In this collaborative project between CAU Kiel and GFZ in Potsdam, we aim to estimate the properties of the magnetic lithosphere on a global scale (magnetization, thickness, composition). The magnetic lithosphere, the part of crust and upper mantle that can contain magnetization, is studied by a combination of gravity and magnetic data from recent and ongoing satellite missions like GOCE, CHAMP and Swarm. The combined view allows for the first time a detailed sensitivity study of possible deep-seated magnetization in the lithosphere.
At CAU, the gravity gradients available from recent satellite missions are used to characterize the geometry and the density contrast at the transition from crust to upper mantle. Gravity gradients have a depth sensitivity, which makes them well suited for this analysis, and especially the use of the non-vertical tensor components is exploited to control the model geometry and to address the presence of lower crustal bodies. The model is based on available constraints.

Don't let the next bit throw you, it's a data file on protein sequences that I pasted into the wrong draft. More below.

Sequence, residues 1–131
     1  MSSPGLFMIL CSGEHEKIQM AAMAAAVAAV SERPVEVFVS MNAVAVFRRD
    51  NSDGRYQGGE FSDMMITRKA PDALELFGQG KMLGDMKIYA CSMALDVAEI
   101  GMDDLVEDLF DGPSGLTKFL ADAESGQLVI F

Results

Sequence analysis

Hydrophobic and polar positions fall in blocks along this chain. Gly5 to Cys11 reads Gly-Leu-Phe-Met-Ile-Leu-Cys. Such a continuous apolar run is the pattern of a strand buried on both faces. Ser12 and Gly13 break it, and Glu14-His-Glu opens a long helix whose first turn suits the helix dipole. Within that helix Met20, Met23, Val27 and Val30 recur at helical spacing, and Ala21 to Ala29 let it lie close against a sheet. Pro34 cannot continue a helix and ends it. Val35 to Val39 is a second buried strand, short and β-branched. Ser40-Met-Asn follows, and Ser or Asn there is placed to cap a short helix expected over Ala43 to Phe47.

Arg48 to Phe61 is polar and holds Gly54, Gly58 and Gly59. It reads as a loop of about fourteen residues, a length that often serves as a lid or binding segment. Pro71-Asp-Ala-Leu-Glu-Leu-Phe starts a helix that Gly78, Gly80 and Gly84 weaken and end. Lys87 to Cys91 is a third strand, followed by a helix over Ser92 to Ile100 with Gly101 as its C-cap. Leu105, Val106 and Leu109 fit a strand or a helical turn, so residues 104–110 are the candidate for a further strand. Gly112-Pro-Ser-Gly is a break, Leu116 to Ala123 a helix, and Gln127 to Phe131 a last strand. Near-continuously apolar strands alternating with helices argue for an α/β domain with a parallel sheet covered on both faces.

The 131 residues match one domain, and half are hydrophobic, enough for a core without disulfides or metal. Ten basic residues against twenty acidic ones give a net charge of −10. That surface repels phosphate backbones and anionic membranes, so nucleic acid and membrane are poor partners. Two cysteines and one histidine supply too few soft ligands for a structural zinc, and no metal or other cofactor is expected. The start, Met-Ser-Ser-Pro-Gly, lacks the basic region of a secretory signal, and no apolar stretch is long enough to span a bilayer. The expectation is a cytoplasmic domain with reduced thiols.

At GFZ, we invert CHAMP and SWARM magnetic data in order to obtain a global model of the vertical integrated magnetization, without a-priori information. In the next step, we use information from existing magnetic crustal thickness models in the inversion of the satellite magnetic data. This information is introduced in the inversion thanks to a scheme of successive regional analyses by means of wavelets, and the outcome is a 3D magnetization model.
We combine the output of the magnetic and the gravity models in order to study the sensitivity of magnetic data in respect to realistic variations of the magnetization geometry. Different gravity derived models are used in order to constrain its geometry (lateral variation and thickness). The different resulting magnetization models are decomposed in their non-visible and visible parts, so that the signal of the latter can be meaningfully compared to the magnetic data. Finally, an inversion of magnetic data under the constraints provided by the gravity, seismic and thermal data is implemented.
Our aim is that the outcome of our study will contribute to the debate about the possibility of upper mantle magnetization and will allow us to discuss the petrological implications. These are related closely to the tectonic setting and dynamic evolution of the Earth system.
2016 - 2018
- DFG, SPP 1788 “Dynamic Earth”
- Monika Korte (GFZ Potsdam)
- Foteini Vervelidou (GFZ Potsdam)
- Jörg Ebbing (CAU Kiel, Germany)
- Vincent Lesur (IPGP, France)